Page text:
In addition to testing requirements built into business continuity and disaster recovery standards, Regulation SCI also requires industry or sector-wide coordinated testing to ensure systems-wide functionality and safety. While the new rule allows an additional year to get processes set up (until November 2016), the inter-dependent testing reflects how all the stakeholders' systems have become increasingly connected.
While the active, up-to-the-nanosecond automated trading systems regulated by the SEC are not quite the same as the systems through which healthcare, pharmaceuticals, international trade and education are delivered, there is no difference in the interconnectivity that has emerged in those industries. Government oversight of how well the links between industry systems work together marks a shift away from a compliance focus on individual entities.
Reporting and disclosure
The SEC continues to press the private sector entities they regulate to be more forthcoming and transparent regarding adverse system events, disruptions and failures to comply. This is particularly true when customers' personal information assets are involved. The new rule requires new reporting and disclosure of disruptions, intrusions and other adverse events. There are also new requirements to notify affected customers and plan participants if the events are "major" or involve "critical SCI systems."
The new rule reflects regulators' growing reliance on information security incident reports to better understand how the safety of entire marketplaces is being maintained in the digital age. It also means that adverse events cannot be swept under the rug as easily, and the new rule includes electronic reporting platforms that enable prompt submission of adverse event notifications.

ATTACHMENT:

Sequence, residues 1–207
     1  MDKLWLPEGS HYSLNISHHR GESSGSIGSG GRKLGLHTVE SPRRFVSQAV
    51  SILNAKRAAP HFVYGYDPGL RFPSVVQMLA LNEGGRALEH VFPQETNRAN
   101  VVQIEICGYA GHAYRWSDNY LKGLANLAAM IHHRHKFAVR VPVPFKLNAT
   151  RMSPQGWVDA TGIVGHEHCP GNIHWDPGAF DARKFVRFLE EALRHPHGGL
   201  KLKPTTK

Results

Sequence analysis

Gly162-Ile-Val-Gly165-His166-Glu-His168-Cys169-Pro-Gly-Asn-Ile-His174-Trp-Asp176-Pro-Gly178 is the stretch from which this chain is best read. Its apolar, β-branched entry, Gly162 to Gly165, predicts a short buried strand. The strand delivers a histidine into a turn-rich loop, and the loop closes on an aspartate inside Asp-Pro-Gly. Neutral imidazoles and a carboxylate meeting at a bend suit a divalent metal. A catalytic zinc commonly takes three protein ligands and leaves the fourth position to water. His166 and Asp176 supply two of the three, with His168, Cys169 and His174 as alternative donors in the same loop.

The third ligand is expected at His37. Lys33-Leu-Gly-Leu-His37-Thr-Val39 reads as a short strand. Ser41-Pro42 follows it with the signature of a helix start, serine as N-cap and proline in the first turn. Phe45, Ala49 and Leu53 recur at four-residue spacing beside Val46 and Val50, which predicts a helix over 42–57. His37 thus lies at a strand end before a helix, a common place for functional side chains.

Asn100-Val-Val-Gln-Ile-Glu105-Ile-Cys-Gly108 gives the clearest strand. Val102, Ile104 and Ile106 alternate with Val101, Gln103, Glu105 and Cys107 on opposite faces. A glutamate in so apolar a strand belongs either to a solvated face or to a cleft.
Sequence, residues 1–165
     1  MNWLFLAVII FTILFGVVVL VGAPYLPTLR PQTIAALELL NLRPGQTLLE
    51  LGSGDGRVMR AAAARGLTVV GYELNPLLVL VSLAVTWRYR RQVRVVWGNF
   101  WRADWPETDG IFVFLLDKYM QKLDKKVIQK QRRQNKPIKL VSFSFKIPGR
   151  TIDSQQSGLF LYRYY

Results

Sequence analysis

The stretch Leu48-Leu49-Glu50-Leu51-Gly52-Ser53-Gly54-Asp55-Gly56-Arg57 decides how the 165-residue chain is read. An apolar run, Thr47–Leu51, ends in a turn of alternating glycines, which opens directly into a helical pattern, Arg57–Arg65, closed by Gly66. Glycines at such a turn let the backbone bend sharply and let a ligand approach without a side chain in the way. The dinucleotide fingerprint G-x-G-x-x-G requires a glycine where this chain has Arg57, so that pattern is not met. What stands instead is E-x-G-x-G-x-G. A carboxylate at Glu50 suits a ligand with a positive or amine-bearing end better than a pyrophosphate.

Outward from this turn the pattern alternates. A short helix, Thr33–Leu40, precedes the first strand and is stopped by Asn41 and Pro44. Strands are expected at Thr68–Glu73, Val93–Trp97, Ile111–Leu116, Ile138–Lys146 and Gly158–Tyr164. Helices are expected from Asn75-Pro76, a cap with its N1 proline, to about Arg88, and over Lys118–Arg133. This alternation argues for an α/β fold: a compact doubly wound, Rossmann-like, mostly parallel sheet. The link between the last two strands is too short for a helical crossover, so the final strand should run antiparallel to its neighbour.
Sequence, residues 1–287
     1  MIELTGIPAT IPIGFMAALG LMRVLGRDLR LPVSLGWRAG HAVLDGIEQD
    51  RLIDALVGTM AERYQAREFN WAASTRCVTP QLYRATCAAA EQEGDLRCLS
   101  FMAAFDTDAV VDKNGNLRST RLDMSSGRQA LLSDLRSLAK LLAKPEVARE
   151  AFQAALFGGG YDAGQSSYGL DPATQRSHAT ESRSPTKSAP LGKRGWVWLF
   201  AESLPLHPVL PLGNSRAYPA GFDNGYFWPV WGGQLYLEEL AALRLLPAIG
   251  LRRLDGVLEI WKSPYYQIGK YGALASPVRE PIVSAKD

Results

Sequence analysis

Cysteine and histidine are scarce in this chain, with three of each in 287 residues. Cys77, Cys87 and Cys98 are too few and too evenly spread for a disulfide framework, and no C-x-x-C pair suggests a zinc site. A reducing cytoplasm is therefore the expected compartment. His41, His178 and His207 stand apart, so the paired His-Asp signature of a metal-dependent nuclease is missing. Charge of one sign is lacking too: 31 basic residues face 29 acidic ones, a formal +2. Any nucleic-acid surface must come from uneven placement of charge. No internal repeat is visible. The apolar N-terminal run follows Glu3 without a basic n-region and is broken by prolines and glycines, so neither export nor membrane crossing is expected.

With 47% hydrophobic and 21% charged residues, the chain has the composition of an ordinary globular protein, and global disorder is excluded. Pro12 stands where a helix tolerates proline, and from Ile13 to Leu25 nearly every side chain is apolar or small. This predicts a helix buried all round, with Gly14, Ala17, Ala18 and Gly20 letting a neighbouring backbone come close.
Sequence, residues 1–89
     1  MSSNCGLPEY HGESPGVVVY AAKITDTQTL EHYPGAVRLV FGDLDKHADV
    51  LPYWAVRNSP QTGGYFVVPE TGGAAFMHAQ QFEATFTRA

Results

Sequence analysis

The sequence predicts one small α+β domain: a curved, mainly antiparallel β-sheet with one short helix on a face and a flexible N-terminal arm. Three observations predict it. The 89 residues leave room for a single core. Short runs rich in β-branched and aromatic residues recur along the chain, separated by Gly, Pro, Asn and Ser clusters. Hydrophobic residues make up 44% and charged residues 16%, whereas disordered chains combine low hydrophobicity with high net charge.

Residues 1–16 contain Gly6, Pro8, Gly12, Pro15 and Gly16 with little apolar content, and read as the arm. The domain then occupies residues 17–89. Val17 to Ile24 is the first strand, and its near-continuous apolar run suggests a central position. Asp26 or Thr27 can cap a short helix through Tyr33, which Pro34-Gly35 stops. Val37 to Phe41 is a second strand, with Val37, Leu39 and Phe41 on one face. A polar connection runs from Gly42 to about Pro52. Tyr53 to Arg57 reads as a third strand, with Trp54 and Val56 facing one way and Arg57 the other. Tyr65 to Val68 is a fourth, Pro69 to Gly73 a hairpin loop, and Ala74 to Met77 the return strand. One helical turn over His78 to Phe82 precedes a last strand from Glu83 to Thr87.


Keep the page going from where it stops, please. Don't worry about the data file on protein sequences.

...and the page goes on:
The new rule requires ongoing auditing and risk assessments, including evaluations of the information technology governance services performed by specific entities. The rule also requires quarterly reporting of material changes made to any "SCI system" -- including those that are planned or ongoing or those that have been completed.
In other words, the SEC expects to have a full, continuing profile of the systems and related IT governance each entity maintains. This is another facet of the increased transparency under the new rule: It places SEC regulation closer to being a factor (at least virtually) in companies' IT governance, design and management process.
It's important to remember that the SEC release supporting Regulation SCI is more than 730 pages long. The preceding five key features are illustrative, but not complete, in summarizing how a federal agency is moving closer and closer to requiring proactive, continuous IT management as a matter of legal compliance. In combination with President Barack Obama's February 2015 summit on cybersecurity, it is likely the new SEC regulation is merely the first step toward a more comprehensive inter-dependence in how security and compliance will be maintained in the 21st century.
About the author:
Jeffrey Ritter is one of the nation's experts in the converging complexity of information management, e-discovery and the emergence of cloud-based services. He advises companies and governments on successful 21st-century strategies for managing digital information with legal and evidential value. He is currently developing and teaching courses on information governance at Johns Hopkins University's Whiting School of Engineering and Georgetown University Law. Learn more at JeffreyRitter.com.